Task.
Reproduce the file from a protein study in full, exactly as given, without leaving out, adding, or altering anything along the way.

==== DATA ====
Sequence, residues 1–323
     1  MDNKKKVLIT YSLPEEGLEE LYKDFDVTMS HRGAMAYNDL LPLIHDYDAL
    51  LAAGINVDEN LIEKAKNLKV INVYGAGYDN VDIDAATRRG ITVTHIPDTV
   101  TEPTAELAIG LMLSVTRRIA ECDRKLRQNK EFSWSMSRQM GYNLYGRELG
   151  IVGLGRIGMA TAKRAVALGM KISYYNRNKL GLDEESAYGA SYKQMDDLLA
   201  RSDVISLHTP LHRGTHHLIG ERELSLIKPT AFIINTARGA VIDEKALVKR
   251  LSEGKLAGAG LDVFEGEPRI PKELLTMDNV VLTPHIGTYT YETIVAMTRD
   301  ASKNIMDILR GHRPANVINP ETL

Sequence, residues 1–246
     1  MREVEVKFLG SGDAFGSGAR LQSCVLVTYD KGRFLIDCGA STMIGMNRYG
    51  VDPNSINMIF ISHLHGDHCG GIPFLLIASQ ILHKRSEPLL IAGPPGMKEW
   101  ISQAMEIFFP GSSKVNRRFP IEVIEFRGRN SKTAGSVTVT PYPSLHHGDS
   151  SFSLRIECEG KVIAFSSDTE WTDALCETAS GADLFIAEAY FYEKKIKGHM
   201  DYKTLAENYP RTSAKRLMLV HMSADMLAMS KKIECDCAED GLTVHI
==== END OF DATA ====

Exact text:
Sequence, residues 1–323
     1  MDNKKKVLIT YSLPEEGLEE LYKDFDVTMS HRGAMAYNDL LPLIHDYDAL
    51  LAAGINVDEN LIEKAKNLKV INVYGAGYDN VDIDAATRRG ITVTHIPDTV
   101  TEPTAELAIG LMLSVTRRIA ECDRKLRQNK EFSWSMSRQM GYNLYGRELG
   151  IVGLGRIGMA TAKRAVALGM KISYYNRNKL GLDEESAYGA SYKQMDDLLA
   201  RSDVISLHTP LHRGTHHLIG ERELSLIKPT AFIINTARGA VIDEKALVKR
   251  LSEGKLAGAG LDVFEGEPRI PKELLTMDNV VLTPHIGTYT YETIVAMTRD
   301  ASKNIMDILR GHRPANVINP ETL

Sequence, residues 1–246
     1  MREVEVKFLG SGDAFGSGAR LQSCVLVTYD KGRFLIDCGA STMIGMNRYG
    51  VDPNSINMIF ISHLHGDHCG GIPFLLIASQ ILHKRSEPLL IAGPPGMKEW
   101  ISQAMEIFFP GSSKVNRRFP IEVIEFRGRN SKTAGSVTVT PYPSLHHGDS
   151  SFSLRIECEG KVIAFSSDTE WTDALCETAS GADLFIAEAY FYEKKIKGHM
   201  DYKTLAENYP RTSAKRLMLV HMSADMLAMS KKIECDCAED GLTVHI